Also, while I’m not really into caffeine — I amazingly haven’t had a caffeinated drink in over seven years; is it possible to #humblebrag about something nobody gives a f*ck about? — there are a lot of people who have one cup of coffee per day, usually in the morning, because it makes them more alert. Pairing caffeine with DFS decision-making might not be a horrible idea.

Sleep, food, exercise, and caffeine: The performance enhancers of champions.

Plus Viagra.

Manage Your Environment

When I was in college, I had a few select areas where I liked to study:

  • The quiet room on the second floor of the student center
  • One of the big wooden tables near an outlet in the main room on the second floor of the library
  • The small corner table in the third-floor study room in the dorm I lived in for two years

I became used to the patterns of those places: When they would be populated, when the sun would shine into them at awkward angles, which chairs were more comfortable than others, etc. When I was in those places, I was mentally comfortable and at my best. I wasn’t distracted by my surroundings. I was focused. Time slowed down. My mind sped up. I crushed. (Also, I was caffeinated, so that might account for the time distortion.)

If you can make your DFS decisions in an environment you like — whether that’s your kitchen table, a coffee shop, the bed, etc. — that’s what you should do. You’ll make better big choices if your brain isn’t having to make hundreds of micro decisions in reaction to your unknown and/or unpredictable environment.

Simplify Your Important Decisions

In theory, if you commit yourself to focus first on the factors that are most correlated with DFS success, then you will simplify your process by necessity. Of course, you could also prevent decision fatigue by simplifying your process, which will force you to focus on what’s most important — if you want to continue to play DFS.

Either way works.

Simplicity = Speed

If the first and most important step of your lineup-building process is simple — efficient — then it will also likely be fast.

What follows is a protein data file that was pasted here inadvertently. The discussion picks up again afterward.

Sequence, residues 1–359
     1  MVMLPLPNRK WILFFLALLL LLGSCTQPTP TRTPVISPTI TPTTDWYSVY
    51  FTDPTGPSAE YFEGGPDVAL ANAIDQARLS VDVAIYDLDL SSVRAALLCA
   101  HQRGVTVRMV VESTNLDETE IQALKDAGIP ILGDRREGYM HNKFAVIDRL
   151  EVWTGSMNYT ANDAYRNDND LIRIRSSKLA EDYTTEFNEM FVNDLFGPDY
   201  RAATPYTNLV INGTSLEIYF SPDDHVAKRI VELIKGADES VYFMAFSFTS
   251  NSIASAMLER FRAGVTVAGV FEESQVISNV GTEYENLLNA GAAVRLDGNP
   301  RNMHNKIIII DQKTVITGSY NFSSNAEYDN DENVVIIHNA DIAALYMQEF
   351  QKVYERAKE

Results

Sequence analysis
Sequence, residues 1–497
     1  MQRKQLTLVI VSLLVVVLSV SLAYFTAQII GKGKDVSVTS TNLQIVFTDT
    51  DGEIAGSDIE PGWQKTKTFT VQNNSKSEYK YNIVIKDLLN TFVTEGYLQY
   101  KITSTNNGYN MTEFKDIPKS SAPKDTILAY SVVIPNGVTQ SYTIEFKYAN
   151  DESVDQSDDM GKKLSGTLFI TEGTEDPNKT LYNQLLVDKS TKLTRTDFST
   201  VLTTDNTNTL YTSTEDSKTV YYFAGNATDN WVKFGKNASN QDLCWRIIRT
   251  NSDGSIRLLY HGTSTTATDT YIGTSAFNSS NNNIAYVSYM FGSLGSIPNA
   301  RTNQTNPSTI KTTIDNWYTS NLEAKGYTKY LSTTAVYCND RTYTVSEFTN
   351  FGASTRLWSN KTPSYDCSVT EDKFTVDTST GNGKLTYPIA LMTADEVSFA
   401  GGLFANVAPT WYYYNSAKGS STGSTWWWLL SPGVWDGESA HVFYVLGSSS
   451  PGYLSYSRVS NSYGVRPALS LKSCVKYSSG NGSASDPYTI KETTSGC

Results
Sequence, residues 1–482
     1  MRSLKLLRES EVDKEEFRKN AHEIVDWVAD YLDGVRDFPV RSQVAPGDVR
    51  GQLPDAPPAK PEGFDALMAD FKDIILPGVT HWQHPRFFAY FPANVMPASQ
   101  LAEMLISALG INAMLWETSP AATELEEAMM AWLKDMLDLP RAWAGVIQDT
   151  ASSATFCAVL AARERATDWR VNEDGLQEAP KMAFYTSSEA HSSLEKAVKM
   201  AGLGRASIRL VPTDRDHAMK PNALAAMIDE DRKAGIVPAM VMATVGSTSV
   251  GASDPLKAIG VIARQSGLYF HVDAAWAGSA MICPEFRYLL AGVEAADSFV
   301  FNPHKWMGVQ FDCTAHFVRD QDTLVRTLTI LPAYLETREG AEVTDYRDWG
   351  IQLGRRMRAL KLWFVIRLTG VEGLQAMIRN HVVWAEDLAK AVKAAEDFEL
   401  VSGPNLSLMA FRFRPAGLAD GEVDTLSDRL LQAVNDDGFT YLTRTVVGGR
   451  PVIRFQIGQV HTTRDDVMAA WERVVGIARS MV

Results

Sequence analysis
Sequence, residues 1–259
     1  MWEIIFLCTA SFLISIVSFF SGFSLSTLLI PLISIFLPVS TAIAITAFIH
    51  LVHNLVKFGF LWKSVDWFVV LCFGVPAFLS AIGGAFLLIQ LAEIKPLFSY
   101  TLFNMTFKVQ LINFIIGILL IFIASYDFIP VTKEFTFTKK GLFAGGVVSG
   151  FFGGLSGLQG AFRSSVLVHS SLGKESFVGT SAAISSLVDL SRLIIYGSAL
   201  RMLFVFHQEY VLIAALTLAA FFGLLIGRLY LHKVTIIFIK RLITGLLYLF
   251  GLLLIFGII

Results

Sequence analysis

For the sake of argument, let’s say that I am building an MLB cash game lineup and have decided that, since stud pitchers tend to be more reliable and consistent than stud hitters, I will focus first on pitchers. Also, since strikeouts, opponent implied total, and moneyline odds to win are important to pitchers, those will be the metrics I focus on most. And now let’s say that within our Player Models I see a pitcher who has a high K Prediction, a low opponent total, and high moneyline odds. Unless that pitcher is priced as if he’s Clayton Kerhsaw but in fact is not Kershaw, I’m likely to lock that pitcher into my lineup without a second thought and then start analyzing hitters.

Is that the best process ever? Probably not — but it will prevent decision fatigue 100 percent of the time.

The Micro Habit

A few months ago, I wrote a couple of pieces about DFS micro habits, easy-to-do actions that each take less than 60 seconds to complete.

If you find that you’re suffering from DFS decision fatigue, you might want to commit to spending no more than 60 seconds on deciding who you’ll lock into your lineup first. That might sound intense, but if you’ve done the macro research with the Labs Tools to know what’s important than it shouldn’t take much more than a minute to find the player who has what you value most.

If you find that it regularly takes you a long time to decide which player in a slate is the one you most want to roster, you probably need to do some research that has nothing to do with the slate.

Ultimately, knowledge is the primary means to prevent decision fatigue.

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The Labyrinthian: 2017.55, 150

Previous installments can be accessed via my author page or the series archive.